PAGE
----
Shireen Kamran lives and works in Montreal. She received her BFA from Concordia University cum laude in 2000. The artist is represented by Galerie Saint Laurent & Hill in Ottawa, Oeno gallery in Prince Edward county, Canvas Gallery in Karachi, and the Drawing Room Gallery in Lahore. She has participated extensively in many group and solo shows in Pakistan and Canada.
Exhibition: March 7 to 29, 2014
Vernissage: Vernissage: Thursday March 6 at 6 pm
The McClure Gallery is pleased to present the most recent paintings of Michel Daigneault in Some Reflections on the Naked Mountain, an exhibition which brings together a dozen of the artist’s most recent large format canvases.
In Some Reflections on the Naked Mountain, Daigneault intensifies his orchestration of a transitory space to further undermine the border between the two great categories of painting – figuration and abstraction. In these new works, the painter incites the viewer to rethink what is being seen by creating a pictorial space where the vocabulary of abstraction depicts a recognizable reality. His painterly strategies allow him to play with and juggle certain visual analogies. The mountain, as the title of the exhibition indicates, functions here as an allusion. Latent, imprecise, it appears in the painting in different forms – be it a contour line, an accumulation of shapes, or yet again, the architecture of landscape in its own right.
Michel Daigneault is among a new generation of abstract painters born “after abstraction.” While it is often thought that little remains to be said within the abstract genre, Daigneault’s canvases bear witness to a reconsideration and renewal of abstraction’s pictorial language. Though non-figurative, his works play ceaselessly with the idea of figuration – through colour, form and their arrangement in space. He takes pleasure in using simple shapes and rich colours to create an intrigue that evokes, rather than reveals, the narrative potential of his works. Indeed, as Gaston Saint-Pierre has noted: “The painting of Michel Daigneault is guided by a regiment of intervention, accountability, mutability of systems and declension of images. We are not in the domain of illusion but rather that of allusion.”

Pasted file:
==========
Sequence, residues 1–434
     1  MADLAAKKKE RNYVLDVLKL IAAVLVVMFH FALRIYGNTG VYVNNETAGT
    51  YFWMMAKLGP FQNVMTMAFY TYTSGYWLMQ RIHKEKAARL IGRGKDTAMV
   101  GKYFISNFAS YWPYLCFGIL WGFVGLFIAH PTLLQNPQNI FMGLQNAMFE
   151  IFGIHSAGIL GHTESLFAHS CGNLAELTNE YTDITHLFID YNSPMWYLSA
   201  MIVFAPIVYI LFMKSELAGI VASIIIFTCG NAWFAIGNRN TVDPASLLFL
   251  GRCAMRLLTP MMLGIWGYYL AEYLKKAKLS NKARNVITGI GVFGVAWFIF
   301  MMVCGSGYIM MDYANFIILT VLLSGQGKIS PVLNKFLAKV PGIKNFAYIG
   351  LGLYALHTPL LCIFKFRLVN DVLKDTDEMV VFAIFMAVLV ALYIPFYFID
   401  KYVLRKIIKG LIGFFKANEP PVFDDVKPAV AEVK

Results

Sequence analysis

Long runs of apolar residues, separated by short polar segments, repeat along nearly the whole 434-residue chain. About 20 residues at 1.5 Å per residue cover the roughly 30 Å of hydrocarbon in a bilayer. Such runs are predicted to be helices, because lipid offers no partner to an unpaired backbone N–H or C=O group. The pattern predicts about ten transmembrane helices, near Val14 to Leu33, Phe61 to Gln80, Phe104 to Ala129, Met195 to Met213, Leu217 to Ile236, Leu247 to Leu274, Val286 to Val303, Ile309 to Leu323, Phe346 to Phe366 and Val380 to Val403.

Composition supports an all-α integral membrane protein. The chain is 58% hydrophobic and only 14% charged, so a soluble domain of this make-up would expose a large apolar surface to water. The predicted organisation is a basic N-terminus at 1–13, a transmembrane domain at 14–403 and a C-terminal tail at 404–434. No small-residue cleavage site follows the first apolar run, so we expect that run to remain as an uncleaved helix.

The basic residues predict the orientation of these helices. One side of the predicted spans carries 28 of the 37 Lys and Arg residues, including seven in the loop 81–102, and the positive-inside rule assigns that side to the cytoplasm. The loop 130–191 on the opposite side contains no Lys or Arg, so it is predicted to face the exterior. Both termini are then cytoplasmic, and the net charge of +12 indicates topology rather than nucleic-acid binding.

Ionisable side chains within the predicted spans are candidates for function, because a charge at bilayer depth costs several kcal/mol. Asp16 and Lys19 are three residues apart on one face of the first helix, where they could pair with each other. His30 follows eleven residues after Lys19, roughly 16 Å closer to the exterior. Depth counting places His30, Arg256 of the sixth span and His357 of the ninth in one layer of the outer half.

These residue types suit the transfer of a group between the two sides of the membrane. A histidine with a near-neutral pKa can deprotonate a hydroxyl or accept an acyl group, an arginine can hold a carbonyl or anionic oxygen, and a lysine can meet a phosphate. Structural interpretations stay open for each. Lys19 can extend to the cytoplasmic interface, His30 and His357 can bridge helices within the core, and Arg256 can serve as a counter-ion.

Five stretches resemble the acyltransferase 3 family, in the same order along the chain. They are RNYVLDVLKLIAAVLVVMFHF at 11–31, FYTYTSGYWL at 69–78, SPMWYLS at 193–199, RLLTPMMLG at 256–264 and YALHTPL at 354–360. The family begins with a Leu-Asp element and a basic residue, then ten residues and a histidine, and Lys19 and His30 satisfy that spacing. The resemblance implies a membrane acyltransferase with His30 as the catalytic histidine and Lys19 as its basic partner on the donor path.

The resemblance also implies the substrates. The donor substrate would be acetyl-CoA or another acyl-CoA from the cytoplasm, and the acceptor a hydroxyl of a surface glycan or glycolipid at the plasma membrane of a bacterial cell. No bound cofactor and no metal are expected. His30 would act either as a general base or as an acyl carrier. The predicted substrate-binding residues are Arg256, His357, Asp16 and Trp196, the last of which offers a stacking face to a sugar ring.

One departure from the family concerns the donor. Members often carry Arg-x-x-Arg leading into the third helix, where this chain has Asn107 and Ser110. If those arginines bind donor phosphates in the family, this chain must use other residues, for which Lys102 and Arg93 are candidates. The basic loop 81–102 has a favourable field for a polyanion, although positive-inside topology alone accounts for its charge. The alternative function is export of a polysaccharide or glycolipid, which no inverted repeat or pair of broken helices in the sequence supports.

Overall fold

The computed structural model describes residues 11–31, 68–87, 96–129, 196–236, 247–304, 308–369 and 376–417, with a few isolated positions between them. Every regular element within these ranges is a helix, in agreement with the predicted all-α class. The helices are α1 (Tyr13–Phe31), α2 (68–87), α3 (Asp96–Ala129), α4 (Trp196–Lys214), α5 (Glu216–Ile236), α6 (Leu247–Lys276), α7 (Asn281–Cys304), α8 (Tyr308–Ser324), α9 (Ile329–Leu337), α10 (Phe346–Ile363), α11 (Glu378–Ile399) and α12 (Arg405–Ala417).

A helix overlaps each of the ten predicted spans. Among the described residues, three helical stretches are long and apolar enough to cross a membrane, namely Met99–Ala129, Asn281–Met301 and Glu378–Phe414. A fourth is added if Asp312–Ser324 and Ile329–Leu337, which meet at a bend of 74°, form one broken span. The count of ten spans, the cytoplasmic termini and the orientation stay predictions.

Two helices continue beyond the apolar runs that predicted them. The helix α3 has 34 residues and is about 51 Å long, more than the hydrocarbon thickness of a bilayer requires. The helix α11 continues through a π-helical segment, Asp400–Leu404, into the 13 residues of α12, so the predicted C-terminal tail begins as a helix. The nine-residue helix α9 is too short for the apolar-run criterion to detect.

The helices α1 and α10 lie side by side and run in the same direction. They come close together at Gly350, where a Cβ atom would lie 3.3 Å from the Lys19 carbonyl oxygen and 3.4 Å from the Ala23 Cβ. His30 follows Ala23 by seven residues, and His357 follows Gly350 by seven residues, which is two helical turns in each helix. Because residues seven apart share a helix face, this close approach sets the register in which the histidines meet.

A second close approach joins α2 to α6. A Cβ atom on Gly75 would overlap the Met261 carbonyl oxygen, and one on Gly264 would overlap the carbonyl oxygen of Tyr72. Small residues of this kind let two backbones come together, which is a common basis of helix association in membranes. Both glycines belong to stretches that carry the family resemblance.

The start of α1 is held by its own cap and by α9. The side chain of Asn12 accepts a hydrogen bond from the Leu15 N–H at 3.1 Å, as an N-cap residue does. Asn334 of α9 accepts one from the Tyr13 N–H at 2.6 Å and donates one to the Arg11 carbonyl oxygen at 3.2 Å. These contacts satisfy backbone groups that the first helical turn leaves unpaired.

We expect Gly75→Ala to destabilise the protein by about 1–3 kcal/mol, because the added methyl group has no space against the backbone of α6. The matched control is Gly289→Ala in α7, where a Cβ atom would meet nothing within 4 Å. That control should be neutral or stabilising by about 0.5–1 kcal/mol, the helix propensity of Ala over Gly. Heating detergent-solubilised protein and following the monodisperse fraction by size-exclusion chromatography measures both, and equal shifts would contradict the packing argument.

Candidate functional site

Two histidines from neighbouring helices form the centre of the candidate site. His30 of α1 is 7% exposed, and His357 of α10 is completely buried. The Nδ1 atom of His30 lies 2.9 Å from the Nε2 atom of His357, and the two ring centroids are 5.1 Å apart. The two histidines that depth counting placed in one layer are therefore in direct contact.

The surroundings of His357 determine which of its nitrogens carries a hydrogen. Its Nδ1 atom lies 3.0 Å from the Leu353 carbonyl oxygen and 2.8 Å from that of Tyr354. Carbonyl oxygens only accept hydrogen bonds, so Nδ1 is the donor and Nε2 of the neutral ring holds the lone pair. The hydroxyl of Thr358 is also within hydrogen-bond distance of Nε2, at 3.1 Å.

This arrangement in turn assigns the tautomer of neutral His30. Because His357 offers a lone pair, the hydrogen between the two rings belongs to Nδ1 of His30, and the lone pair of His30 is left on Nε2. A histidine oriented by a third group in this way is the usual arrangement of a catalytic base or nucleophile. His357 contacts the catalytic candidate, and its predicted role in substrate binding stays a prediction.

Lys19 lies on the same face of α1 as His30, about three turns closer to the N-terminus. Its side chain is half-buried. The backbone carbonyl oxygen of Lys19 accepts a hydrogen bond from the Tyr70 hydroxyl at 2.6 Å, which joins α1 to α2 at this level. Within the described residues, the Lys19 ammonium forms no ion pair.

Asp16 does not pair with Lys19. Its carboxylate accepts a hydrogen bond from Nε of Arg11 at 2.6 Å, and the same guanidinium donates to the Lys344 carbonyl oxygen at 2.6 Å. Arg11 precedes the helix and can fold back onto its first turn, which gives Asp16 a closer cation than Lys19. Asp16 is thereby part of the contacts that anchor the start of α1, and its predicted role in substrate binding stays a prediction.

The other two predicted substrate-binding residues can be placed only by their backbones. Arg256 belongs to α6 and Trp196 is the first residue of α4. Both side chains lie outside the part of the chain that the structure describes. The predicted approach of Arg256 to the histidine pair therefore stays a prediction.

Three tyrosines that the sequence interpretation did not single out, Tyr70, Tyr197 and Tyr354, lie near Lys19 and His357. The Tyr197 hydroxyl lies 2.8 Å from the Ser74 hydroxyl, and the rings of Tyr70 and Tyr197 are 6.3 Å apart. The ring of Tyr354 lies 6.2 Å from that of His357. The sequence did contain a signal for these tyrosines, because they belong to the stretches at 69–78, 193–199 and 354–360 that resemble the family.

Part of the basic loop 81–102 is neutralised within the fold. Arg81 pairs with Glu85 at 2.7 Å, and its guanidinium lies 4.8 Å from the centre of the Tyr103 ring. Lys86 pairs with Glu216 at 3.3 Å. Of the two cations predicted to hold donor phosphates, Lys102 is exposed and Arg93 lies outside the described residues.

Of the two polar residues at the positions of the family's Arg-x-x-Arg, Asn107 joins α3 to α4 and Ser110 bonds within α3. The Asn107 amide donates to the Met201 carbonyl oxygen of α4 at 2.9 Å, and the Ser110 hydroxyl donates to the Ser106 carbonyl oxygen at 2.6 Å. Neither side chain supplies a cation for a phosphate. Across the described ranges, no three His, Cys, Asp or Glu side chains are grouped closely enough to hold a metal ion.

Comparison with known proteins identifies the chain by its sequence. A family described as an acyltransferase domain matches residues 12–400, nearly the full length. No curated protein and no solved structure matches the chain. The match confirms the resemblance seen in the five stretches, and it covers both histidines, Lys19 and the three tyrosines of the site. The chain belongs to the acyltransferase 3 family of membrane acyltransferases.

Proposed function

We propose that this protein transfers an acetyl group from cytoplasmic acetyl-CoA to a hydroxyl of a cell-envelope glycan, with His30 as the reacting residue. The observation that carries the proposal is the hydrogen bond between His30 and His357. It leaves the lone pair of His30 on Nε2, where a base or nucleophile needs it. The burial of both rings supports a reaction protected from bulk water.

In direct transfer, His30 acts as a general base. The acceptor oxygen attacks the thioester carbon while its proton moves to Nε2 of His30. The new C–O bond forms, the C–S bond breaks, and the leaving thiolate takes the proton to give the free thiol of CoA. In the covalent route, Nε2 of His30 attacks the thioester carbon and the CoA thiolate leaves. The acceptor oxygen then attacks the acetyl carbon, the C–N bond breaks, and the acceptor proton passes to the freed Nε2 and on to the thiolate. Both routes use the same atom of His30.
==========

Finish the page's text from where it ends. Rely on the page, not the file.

Michel Daigneault lives and works in Montreal and Toronto where he also teaches at York University. His work has been exhibited widely in Canada and the United States, as well as in France and Korea. His work can be found in many private and museum collections, including the National Gallery of Canada, the Montreal Museum of Contemporary Art, the Montreal Museum of Fine Arts, the Collection Prêt d’oeuvres d’art of Musée national des beaux-arts du Québec, the Musée d’art de Joliette, the Caisse de dépôt et placement du Québec, Canada Council Art Bank, National Bank of Canada, Hydro-Québec, Royal Bank of Canada, the Ministry of Foreign Affairs, and the University of Lethbridge.
Vernissage: Thursday, April 4 at 6 pm
Exhibition: April 5 to April 20
Students registered in the School of Art’s winter session are invited to exhibit their work in our Annual Student Exhibition. The exhibition, which includes hundreds of works in a wide variety of media, gives students the experience of seeing their work in the context of a professional gallery. It also provides an opportunity for students and public to see the great diversity of creative activity that takes place at the Centre.
Vernissage: Thursday May 1st at 6 pm
Exhibition: May 2 to 24
Invited Curator: Robert Poulin
«As opposed to the word, which supports concepts and theories I prefer the hand that reveals and revels in the imagination and senses. » (Robert Poulin)
The McClure Gallery is pleased to present Pirates de l’art, an exhibition curated by Robert Poulin that brings together the unique works of artists whose practices thrive away from the norm.